Stitched Together

By Vernice Shostal


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The Victoria Knitting Guild, a non-profit organization with a current membership of 94, elected its official executive and adopted a constitution in 2003. The seed was planted when two knitters, Amy Ayres and Mary Byrne, knitting in the bleachers while watching their children play tennis, became friends. Together with a small group of knitting companions from a local yarn shop, they began meeting regularly on Newport Street, charged $10 for membership and called themselves the Newport Knitters.

The group expanded until it became the current Victoria Knitters Guild and has proudly featured knitters on the local *Go Show* and *Knit Together*, a Canadian Knitters Guild quarterly publication.

As well as hosting other knitters, including a group on a Vogue knitting Cruise to Alaska, the guild has hired teachers and well-known designers and held one daylong workshop on mosaic knitting and knitting with beads. Their own day trips have taken them to Salt Spring and Gabriola Islands and retreats to Yellow Point and Kiwi Lodge. A “knit out,” a gathering of knitters and markets related to knitting, is held outdoors every June at the Saxe Point grassy area.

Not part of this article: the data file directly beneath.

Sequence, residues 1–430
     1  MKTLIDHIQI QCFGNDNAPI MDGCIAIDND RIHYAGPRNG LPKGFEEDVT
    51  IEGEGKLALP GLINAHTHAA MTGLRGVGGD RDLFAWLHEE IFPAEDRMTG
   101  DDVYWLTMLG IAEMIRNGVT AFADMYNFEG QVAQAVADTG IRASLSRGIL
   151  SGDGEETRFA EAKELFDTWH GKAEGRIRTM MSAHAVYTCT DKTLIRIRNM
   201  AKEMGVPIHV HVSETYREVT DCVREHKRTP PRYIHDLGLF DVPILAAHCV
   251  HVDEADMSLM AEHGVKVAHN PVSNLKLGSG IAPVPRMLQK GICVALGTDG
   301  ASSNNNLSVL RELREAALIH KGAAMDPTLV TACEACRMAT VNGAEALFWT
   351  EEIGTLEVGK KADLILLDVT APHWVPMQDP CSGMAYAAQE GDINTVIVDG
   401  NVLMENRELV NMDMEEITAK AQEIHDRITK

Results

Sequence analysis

Having knitted socks and mitts for her children, grandchildren and great-grandchildren, Mavis Butlin knitted a doll for each of her 12 great-grandchildren. One of her dolls, a sort of Mascot for the Guild, won first prize in the “over 80” category at the Saanich fair this year. Now, she says, “I knit a few hats for Afghanistan. Otherwise, I usually just chat at the meetings.”

An Air Radio mechanic in the British Fleet Air Arm, Mavis tested and fixed radio and radar for various aircraft in England. She came to Canada as a war bride in 1946 and lived in Ontario and Quebec, where she took a Red Cross Water Safety Course and taught swimming to children, adults and seniors.

“At one time, about 40 years ago,” she says, “I taught Jean Chrétien’s wife to swim.” Six years ago, Mavis moved to Victoria.

A perennial athlete, Mavis says that tennis is her greatest joy. “I play several times a week.”

Guild President Marjory MacDuff, whose Grade 1 teacher taught her to knit, joined the guild five years ago. Having retired from a nursing career in psychiatry, Marjory was introduced to the guild through a friend. “During the years I worked as a night nurse, it seemed most nurses knit,” she says. “We were always sharing ideas and patterns.” She joined the Guild to learn new techniques.

Growing up in Alberta on a farm that her father homesteaded in 1906, Marjory went to the school built on a piece of land her father donated for the purpose. The school, which housed Grades 1 to 9, had an average population of 13. “It was not difficult for me to be the top of my class,” says Marjory, who was the only one in her grade.

Marjory obtained her RN from University Hospital in Edmonton. In 1961, she married and moved to Victoria and got a job at Royal Jubilee Hospital, where she worked for over 40 years.